Mastergram is a new Tumblr blog that looks at how much emotion can be squeezed out of classic photos when they’re rendered with Instagram filters. Already some of the most recognizable photos of the 20th century, such as Loyalist Militia Man at the Moment of Death, Cerro Muriano by Robert Capa, Mastergram is arguably modifying photos that don’t need any help. Creator Andrew Emond admits, as much, saying that some photos may get better, and some worse as a result. You can judge for yourself, though, because underneath each Mastergram is a link to the original.
Instagram has a tendency to make many photographs more interesting than they actually are. The retro film effects prey on our sense of nostalgia, making even the most run-of-the-mill, poorly composed photograph appear to be something timeless and worth further attention.
This site applies these same digital filters to iconic images taken by highly regarded photographers through the ages. It’s an experiment done primarily for my own amusement, but I’m also interested in finding out how these digital manipulations alter our perceptions.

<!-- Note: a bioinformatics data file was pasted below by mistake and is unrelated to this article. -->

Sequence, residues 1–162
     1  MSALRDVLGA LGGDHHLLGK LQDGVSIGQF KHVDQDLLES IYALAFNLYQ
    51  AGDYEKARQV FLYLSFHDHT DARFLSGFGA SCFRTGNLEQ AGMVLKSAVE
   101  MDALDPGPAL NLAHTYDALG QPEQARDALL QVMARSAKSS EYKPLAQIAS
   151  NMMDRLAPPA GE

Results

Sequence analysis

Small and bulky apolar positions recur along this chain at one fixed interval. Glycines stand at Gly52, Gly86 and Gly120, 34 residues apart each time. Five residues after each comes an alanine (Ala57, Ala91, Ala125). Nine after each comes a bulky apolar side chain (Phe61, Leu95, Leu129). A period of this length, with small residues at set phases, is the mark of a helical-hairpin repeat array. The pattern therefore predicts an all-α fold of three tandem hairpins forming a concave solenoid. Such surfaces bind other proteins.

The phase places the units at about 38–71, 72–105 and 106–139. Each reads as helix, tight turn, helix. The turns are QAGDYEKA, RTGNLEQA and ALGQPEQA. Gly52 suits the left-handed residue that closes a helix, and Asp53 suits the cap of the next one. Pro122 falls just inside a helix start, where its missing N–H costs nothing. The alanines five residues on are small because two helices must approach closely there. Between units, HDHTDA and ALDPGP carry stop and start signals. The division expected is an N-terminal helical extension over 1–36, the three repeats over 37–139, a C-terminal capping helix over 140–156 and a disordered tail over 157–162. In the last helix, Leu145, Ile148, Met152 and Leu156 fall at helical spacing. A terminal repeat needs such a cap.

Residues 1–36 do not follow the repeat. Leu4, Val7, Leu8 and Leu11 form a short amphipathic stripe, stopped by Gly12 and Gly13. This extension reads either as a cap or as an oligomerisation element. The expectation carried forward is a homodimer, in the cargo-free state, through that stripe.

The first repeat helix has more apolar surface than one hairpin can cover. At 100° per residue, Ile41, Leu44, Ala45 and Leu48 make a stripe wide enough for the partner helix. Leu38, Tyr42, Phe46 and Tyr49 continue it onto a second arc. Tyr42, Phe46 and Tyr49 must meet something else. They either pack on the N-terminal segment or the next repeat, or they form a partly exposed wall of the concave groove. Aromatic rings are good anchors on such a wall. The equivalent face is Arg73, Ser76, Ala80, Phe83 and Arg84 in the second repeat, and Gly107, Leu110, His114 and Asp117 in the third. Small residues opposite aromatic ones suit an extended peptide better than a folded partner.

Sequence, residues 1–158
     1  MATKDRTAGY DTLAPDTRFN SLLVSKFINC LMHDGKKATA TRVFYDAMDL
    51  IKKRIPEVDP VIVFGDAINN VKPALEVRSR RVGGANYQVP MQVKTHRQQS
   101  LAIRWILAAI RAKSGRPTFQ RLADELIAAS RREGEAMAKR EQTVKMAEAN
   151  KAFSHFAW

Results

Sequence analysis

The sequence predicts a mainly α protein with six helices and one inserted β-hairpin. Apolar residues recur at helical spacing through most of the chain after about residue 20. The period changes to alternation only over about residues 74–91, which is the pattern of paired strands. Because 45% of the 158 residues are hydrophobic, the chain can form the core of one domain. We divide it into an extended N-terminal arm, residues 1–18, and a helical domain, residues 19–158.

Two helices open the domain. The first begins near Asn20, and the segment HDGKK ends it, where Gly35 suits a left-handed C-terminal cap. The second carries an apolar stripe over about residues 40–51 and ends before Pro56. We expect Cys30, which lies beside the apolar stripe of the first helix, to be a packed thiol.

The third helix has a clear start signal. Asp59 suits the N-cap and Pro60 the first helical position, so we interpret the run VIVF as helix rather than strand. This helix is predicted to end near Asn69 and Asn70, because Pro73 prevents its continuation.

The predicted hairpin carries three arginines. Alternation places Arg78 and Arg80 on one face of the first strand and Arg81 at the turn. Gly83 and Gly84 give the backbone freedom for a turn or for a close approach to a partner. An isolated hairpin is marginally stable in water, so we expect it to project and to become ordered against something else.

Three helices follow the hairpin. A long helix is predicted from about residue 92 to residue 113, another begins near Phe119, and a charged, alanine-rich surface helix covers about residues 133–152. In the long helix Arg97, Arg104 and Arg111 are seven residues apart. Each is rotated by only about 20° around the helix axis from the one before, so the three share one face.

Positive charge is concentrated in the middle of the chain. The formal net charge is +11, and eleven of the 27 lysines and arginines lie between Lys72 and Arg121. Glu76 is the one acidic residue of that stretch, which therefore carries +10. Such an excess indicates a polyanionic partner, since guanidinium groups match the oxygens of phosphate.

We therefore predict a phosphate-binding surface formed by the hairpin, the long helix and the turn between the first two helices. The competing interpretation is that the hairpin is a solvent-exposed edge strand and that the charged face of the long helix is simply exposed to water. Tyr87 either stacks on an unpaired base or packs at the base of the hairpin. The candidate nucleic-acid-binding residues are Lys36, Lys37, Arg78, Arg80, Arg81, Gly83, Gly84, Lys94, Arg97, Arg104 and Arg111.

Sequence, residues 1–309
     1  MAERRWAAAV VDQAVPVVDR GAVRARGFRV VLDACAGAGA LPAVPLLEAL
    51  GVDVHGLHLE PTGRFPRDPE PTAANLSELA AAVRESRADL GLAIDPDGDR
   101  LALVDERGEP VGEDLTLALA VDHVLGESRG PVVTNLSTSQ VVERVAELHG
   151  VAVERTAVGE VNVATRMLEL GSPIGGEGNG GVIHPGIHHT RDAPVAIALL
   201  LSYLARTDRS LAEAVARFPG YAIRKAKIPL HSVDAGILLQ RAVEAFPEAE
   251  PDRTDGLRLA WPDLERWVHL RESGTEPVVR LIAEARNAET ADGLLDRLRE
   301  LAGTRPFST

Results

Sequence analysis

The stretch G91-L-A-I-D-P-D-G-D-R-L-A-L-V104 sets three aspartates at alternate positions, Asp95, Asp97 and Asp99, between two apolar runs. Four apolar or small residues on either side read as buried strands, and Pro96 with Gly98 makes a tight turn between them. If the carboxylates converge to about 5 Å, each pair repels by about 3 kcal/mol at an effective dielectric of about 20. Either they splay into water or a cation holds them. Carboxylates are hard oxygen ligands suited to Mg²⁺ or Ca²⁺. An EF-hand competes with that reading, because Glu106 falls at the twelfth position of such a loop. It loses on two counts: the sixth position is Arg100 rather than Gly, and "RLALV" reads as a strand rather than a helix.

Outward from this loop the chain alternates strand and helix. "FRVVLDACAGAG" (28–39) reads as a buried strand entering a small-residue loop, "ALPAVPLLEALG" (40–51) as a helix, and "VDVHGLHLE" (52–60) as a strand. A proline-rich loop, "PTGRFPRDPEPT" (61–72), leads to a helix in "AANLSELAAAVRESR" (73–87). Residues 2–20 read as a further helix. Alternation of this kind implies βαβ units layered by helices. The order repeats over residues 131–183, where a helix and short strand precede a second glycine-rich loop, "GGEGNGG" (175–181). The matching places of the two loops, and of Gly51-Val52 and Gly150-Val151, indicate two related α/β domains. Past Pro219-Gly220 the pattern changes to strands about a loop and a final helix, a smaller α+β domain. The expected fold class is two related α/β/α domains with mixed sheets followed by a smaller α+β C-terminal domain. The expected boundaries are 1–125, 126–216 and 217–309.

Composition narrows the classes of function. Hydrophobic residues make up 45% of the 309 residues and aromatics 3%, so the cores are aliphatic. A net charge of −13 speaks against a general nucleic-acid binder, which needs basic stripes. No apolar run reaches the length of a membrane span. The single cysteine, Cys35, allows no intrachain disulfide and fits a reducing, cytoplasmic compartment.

If the Instagram effect can make mundane images appear to be works of art, what happens when we apply the same filters to images that have historically been held in high regard? Is the imagery degraded or enhanced as a result? Does the effect add a new layer of meaning to the photo? Perhaps these are questions best left resolved by the viewer.
Do you think Mastergram is too much? Some people probably would respond that if it ain’t broke, don’t fix it. If you try at hand at your own Mastergrams, we’d love to see what you come up with.
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